REAP: Mini-grid systems to boost electrification in PHL

By Lenie Lectura – June 4, 2019
from Business Mirror

THE Renewable Energy Association of the Philippines (REAP) said on Monday that mini-grid systems would accelerate total electrification in the country.

“Mini-grid systems will play an important role in ensuring and accelerating the total electrification of the country. Being an archipelagic country, centralized power generation can be challenging if not costly,” said Erel Narida, REAP president.

Narida cited Sabang Renewable Energy Corp.’s (SREC) hybrid mini-grid project located in Sitio Sabang in Barangay Cabayugan, where the Puerto Princesa Subterranean National Park is located.  He said the project would be a suitable solution for electrification, which is still at 88.3 percent or 2.78 million household unelectrified as of December 2017, citing data from the Department of Energy.

“Most of these households are located in the Visayas and Mindanao, mostly in small islands, either underserved using expensive diesel genset with limited operating or totally unserved. The mini-grid system can utilize the indigenous and new and renewable energy (RE) like solar, wind, hydro, biomass or ocean in power generation that will eventually reduce our dependence on diesel or imported energy,” Narida said.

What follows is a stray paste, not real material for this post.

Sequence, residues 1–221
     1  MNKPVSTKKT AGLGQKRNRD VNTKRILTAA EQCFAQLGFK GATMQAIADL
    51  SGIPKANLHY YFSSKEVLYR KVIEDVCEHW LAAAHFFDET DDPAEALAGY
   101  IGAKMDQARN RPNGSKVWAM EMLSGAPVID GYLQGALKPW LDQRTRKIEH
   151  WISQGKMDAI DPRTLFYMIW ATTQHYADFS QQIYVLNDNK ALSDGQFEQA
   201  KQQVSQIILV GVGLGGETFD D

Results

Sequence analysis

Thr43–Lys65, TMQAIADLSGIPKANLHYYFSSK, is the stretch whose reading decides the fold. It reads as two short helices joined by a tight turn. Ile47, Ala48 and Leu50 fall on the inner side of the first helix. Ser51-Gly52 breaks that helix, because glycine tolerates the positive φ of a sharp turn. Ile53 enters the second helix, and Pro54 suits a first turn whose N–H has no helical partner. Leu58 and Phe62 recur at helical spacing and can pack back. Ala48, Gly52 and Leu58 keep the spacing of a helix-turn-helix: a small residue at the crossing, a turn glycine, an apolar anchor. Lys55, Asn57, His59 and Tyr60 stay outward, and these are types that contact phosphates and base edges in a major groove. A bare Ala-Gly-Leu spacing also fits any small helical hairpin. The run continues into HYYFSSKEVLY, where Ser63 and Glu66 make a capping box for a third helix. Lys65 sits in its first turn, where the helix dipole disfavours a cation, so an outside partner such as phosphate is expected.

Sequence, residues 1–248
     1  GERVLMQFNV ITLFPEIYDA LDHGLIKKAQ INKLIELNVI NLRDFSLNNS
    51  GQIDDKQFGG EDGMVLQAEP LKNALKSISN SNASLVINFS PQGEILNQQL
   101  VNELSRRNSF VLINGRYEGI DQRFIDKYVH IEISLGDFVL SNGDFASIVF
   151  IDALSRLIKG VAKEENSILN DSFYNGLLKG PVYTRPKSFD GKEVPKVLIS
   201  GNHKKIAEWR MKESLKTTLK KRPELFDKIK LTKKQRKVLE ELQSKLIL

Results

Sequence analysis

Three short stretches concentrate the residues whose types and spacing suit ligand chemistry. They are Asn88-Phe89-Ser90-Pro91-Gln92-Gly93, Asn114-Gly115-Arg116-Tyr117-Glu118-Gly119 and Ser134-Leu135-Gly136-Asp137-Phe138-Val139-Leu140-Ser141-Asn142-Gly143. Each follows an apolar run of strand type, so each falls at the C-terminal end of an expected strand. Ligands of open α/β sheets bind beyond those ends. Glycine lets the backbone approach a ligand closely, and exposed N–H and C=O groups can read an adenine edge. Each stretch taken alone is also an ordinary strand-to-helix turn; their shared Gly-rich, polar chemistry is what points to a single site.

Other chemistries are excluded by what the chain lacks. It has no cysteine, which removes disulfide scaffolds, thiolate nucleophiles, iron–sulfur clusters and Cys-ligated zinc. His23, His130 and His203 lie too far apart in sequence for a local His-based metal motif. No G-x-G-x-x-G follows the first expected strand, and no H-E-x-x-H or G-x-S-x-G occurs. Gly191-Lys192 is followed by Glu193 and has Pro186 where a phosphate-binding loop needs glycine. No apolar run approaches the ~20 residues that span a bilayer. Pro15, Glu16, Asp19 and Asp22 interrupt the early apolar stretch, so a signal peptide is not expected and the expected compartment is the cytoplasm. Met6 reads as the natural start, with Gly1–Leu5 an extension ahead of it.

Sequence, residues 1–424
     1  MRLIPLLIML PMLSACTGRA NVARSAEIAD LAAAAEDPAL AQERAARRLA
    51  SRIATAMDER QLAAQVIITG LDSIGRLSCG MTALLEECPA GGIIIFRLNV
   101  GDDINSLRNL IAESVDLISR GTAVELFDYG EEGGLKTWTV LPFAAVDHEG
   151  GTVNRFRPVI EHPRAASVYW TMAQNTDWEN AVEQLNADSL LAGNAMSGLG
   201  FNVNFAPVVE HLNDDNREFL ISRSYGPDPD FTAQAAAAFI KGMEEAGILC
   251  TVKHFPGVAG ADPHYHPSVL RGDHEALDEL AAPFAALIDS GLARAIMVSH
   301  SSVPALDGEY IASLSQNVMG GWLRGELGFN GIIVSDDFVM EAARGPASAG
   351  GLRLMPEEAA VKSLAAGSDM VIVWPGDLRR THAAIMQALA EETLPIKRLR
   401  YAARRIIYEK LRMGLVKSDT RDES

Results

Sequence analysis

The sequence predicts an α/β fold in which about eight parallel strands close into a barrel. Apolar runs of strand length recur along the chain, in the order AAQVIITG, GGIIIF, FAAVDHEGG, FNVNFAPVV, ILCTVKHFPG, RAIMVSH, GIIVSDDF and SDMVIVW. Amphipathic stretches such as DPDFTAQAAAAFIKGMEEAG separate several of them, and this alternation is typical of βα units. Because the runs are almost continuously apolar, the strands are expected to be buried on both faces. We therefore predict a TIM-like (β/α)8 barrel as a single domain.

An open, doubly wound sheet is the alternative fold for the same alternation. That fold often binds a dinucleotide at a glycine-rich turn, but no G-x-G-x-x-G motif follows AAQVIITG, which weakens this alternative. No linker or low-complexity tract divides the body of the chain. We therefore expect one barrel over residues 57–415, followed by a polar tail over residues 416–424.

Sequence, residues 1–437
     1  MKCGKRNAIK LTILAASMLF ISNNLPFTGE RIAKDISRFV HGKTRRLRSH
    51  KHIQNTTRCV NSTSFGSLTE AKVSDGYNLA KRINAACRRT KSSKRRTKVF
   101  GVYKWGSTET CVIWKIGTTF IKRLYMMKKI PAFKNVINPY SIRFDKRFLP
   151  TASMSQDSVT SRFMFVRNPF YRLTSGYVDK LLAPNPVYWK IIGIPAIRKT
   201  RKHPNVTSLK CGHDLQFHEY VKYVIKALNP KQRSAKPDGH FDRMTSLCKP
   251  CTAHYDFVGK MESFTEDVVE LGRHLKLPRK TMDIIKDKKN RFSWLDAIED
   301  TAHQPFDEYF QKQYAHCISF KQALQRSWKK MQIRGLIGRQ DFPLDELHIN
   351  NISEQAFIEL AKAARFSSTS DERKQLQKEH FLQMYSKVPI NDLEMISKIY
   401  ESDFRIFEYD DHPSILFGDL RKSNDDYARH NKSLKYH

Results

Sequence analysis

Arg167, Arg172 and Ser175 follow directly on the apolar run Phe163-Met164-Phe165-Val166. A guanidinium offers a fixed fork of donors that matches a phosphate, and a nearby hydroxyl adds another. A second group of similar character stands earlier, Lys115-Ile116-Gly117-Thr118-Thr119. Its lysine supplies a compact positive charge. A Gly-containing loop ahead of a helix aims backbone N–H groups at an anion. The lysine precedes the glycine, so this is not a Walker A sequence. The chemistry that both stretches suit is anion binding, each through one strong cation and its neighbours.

The SREC is a consortium of Vivant Energy Corp., Gigawatt Power Inc. and WEnergy Global. It will operate a hybrid power plant—combining solar panels and diesel engines—and an electricity distribution system that will provide stable and reliable renewable energy in Barangay Cabayugan, Puerto Princesa City.

“Sabang Renewables has showcased such integration  or hybridization of RE specifically solar, battery and diesel genset as back-up for power generation. This setup is more socially and environmentally acceptable due to reduced running time of diesel genset, and  primary source of power is RE. For these reasons, this is worth emulating,” Narida said.

Narida said SREC has showcased they have the capability and capacity to put the said mini-grid system.

“Very encouraging for local mini-grid developers to follow suit. The next challenge is to accelerate replication with more participation of local SMEs in the RE market space. The easing of regulations, access to funds, adaption of new RE technologies on integration and understanding the market—both economics and social dynamics on island mini grid—are key factors we have to look into to accelerate this development,” Narida said.

Under optimal conditions, SREC’s hybrid plant will generate as much as 2.6 megawatts (MW) once it is completed. This will allow the mini-grid to provide power to approximately 10 public buildings, 18 small businesses, 19 hotels and restaurants, and 583 households.

The project is seen to save the environment from over 25,000 metric tons of carbon dioxide while providing stable and reliable energy that will improve everyday living in Cabayugan.

“We want to provide Sitio Sabang and Barangay Cabayugan with reliable electricity 24/7 at the most competitive rate possible. Since we will be the model for future mini-grids in the country, we have spared no expense or effort in ensuring we give the best service,” SREC Chairman Emil Garcia said earlier.